Local Government Revenue Initiative Library

Amidst rapid urbanisation, cities in the Global South face major revenue needs in order to meet urgent spending priorities and to build the foundation for stronger local social contracts. Yet in practice, local government revenue raising efforts – and property taxes in particular – are frequently ineffective, inequitable and unaccountable.

The Local Government Revenue Initiative (LoGRI) aims to develop policy relevant research, knowledge, expertise, and tools to support governments to raise more local government revenue, more equitably and fairly, and in ways that promote trust, transparency, and accountability.

The LoGRI program is based at the Munk School of Global Affairs and Public Policy at the University of Toronto and expands the previous work of the African Property Tax Initiative (APTI). It is supported by funding from the Bill & Melinda Gates Foundation, the French Ministry of Economics, Finance and Recovery, the Norwegian Agency for Development Cooperation (Norad) and German Development Cooperation implemented by Deutsche Gesellschaft für Internationale Zusammenarbeit (GIZ) GmbH.

This library is intended to be of use to LoGRI stakeholders, with resources on the Initiative’s key themes.

Image credit: Kampala city center | Lauren Parnell Marino | Flickr | CC BY NC 2.0

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Showing 21-30 of 94 results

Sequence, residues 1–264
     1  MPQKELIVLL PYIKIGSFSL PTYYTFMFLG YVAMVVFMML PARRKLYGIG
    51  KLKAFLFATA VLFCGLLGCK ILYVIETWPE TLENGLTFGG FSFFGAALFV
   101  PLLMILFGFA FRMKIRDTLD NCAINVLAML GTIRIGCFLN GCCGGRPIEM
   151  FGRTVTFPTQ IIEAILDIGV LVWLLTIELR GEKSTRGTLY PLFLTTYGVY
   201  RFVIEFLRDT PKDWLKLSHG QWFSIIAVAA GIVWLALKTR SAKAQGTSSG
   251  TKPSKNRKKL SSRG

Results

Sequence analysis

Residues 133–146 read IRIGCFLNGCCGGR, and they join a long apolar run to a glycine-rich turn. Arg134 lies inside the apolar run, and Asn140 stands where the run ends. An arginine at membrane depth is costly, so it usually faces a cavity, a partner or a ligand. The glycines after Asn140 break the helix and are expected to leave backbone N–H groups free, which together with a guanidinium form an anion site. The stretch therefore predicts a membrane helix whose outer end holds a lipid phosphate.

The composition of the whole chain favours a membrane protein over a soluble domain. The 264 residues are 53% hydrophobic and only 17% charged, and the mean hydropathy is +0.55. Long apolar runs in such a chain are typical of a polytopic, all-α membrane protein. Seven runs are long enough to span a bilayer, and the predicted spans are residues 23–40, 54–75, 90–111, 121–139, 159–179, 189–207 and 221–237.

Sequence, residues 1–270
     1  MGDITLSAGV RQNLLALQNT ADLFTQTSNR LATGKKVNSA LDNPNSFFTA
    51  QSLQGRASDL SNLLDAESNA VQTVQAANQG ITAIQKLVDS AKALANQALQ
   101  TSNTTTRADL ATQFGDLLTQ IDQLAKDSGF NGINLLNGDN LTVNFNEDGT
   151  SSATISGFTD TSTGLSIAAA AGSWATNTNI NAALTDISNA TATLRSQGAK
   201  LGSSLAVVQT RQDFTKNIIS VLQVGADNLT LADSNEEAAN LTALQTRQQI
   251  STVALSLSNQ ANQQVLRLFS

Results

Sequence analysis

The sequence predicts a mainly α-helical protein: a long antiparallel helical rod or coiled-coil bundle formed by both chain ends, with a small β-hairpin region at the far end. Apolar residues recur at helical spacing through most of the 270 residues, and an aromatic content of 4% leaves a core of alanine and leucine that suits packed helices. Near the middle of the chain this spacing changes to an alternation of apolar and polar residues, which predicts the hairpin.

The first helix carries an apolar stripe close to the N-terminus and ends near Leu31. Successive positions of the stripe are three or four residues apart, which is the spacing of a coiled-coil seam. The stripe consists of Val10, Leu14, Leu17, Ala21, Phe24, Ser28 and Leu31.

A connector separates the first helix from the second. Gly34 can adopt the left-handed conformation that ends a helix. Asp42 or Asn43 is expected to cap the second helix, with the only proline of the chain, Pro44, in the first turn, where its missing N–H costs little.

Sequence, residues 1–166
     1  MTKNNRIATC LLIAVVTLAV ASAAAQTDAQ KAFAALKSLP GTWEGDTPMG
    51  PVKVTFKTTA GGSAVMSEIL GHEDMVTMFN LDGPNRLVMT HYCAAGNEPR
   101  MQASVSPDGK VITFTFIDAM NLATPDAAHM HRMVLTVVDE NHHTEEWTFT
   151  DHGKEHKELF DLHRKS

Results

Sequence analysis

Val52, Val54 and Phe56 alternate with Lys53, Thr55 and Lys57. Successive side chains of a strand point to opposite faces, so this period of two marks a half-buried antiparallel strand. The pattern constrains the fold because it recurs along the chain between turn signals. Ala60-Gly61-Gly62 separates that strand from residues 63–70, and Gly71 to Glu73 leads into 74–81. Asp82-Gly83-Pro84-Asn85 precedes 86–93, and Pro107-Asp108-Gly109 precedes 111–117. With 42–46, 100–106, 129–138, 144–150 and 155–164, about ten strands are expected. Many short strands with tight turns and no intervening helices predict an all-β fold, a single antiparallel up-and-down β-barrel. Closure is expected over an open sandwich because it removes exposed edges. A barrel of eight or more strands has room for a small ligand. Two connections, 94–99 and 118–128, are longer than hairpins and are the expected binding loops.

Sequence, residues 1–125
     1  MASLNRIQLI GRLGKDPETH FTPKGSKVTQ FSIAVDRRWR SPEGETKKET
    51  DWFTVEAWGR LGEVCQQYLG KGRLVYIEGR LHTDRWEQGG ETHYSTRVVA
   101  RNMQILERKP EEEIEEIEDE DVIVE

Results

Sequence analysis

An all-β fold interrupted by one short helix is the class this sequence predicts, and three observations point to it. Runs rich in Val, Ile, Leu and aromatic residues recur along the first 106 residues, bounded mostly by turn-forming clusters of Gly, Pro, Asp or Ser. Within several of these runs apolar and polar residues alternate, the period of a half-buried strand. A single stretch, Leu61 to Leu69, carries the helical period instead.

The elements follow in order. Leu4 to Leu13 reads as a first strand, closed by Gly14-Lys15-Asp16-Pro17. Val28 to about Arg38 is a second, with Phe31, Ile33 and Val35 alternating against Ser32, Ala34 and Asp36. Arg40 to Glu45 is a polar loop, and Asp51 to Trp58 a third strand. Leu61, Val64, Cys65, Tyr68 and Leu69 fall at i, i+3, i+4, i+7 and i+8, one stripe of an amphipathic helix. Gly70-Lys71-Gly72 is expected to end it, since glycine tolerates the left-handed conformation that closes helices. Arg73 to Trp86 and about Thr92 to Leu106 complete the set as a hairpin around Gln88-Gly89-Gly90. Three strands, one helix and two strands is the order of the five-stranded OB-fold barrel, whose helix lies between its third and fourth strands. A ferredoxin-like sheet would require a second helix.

• A global compendium and meta-analysis of property tax systems

    Lincoln Institute of Land Policy, 2013
    This report is a global compendium of significant features of systems for recurrently taxing land and buildings. It is based on works in English, many of which were published by the Lincoln Institute of Land Policy. Its aim is to provide researchers and practitioners with useful information about these sources and with facts and patterns of system features, revenue statistics, and other data. It reports on systems in 187 countries (twenty-nine countries do not have such taxes; the situation in four countries is unclear)....
  • Designing land value capture tools in the context of complex tenurial and deficient land use regulatory regimes in Accra, Ghana

    Lincoln Institute of Land Policy, 2019
    Rapid urbanization has increased the demand for urban infrastructure services. Municipalities have attempted to finance infrastructure services with value capture instruments. The paper highlights how value capture instruments are designed and implemented in Ghana. The study used the case study strategy of inquiry and multiple case study design to locate the research within the contexts of fiscal decentralization policies, urban planning and land tenure frameworks....
  • Urban land value capture in São Paulo, Addis Ababa, and Hyderabad: Differing interpretations, equity impacts, and enabling conditions

    Lincoln Institute of Land Policy, 2020
    This paper presents analysis of the fiscal and equity impacts of urban land value capture (LVC) instruments based on three case studies from the global south. These include the Lideta redevelopment in Addis Ababa, Ethiopia; the Outer Ring Road in Hyderabad, India; and Água Espraiada Urban Operation in São Paulo, Brazil....
  • Can land taxes forster sustainable development? An assessment of fiscal, distributional and implementation issues

    Elsevier, 2018
    Economists argue that land rent taxation is an ideal form of taxation as it causes no deadweight losses. Nevertheless, pure land rent taxation is rarely applied. This paper revisits the case of land taxation for developing countries. We first provide an up-to-date review on land taxation in development countries, including feasibility and implementation challenges.The authors then simulate land tax reforms for Rwanda, Peru, Nicaragua and Indonesia, based on household surveys....